Faith and Works
Another important and significant difference between Catholics and many other Christians is their theology of faith and works. One of the central tenets of the Protestant Reformation was sola fide, meaning “by faith alone.” What this means is that we are saved, or justified, by faith alone and not by works. Catholics, on the other hand, believe that both faith and works are necessary for salvation.
Many people, even many Catholics, misunderstand the Catholic Church’s teaching and believe that according to the Catholic Church, we have to earn our way to heaven. This is not at all what the Church teaches. Our salvation is a work entirely of God’s grace, but God’s saving grace requires a response from us. Faith is essential to that response, but so are actions (works). Actions are not just evidence that we believe. They are a key element in working out our salvation (cf. Philippians 2:12). In fact, the only time the words “faith alone” appear together in the New Testament is in the book of James, which says, “See how a person is justified by works and not by faith alone” (2:24).
Sola Scriptura and Sola Fide are often sources of debate between Catholics and Protestant Christians. Of course, there is far more to these debates than a short essay can convey. Despite these debates, be assured that Catholics are Christians! Like our brothers and sisters who are Protestant, we love the Bible, and we worship Jesus Christ as our Lord and God and trust in his power to save us.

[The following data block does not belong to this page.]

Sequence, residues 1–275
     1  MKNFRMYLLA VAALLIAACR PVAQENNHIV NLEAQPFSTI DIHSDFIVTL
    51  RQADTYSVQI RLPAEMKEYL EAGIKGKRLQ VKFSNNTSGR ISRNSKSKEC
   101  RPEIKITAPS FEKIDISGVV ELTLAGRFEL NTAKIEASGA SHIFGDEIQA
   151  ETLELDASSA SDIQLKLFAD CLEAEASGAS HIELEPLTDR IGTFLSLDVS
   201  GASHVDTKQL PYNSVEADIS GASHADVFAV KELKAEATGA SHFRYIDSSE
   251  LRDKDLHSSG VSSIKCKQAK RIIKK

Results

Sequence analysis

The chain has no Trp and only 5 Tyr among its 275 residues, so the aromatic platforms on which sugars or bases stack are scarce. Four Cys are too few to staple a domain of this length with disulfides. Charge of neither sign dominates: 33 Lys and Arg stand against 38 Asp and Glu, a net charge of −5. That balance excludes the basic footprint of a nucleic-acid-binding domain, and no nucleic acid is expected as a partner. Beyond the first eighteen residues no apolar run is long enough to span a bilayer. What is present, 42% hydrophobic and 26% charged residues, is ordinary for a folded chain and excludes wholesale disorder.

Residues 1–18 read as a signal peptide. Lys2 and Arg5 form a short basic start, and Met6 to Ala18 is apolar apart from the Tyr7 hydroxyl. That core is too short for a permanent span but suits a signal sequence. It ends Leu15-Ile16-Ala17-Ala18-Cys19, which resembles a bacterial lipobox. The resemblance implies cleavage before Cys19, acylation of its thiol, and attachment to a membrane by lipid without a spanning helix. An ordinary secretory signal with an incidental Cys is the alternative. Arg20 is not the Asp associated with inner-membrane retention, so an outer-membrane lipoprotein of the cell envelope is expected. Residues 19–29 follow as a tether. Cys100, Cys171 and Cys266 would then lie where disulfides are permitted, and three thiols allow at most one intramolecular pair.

Limbo is a theory developed by Medieval theologians as the place where unbaptized persons go when they die. Limbo is not an official doctrine of the Catholic Church nor has it been rejected by the Church. [Read more…]
The letters of Paul make mention several times of salvation by faith. There are passages in Romans, Ephesians, Titus, and Galatians just to name a few. To some these passages might appear like a pretty open and shut case in favor of a teaching that says salvation is by faith alone and that “once saved, always saved.” Yet, the bible never says “alone.” [Read more…]
Have you been saved?
Do you know if you are going to heaven?
I’m sure many people reading this have seen or heard of this before.
A funny thing is this “assurance” of salvation. [Read more…]
The books of Daniel and Revelation are of the apocalyptic genre, a unique literary form peculiar to the age in which they were written. Often described as crisis literature, they clearly were spawned during times of great stress in history when the only solution seemed to call for God’s intervention in the affairs of humankind. [Read more…]
Salvation is, without a doubt, one of the most controversial topics in all of Christendom. Very few seem to have a handle on it. In fact, it has been found that those who struggle with how we are “saved” often fall into two diametricaly opposed extremes. [Read more…]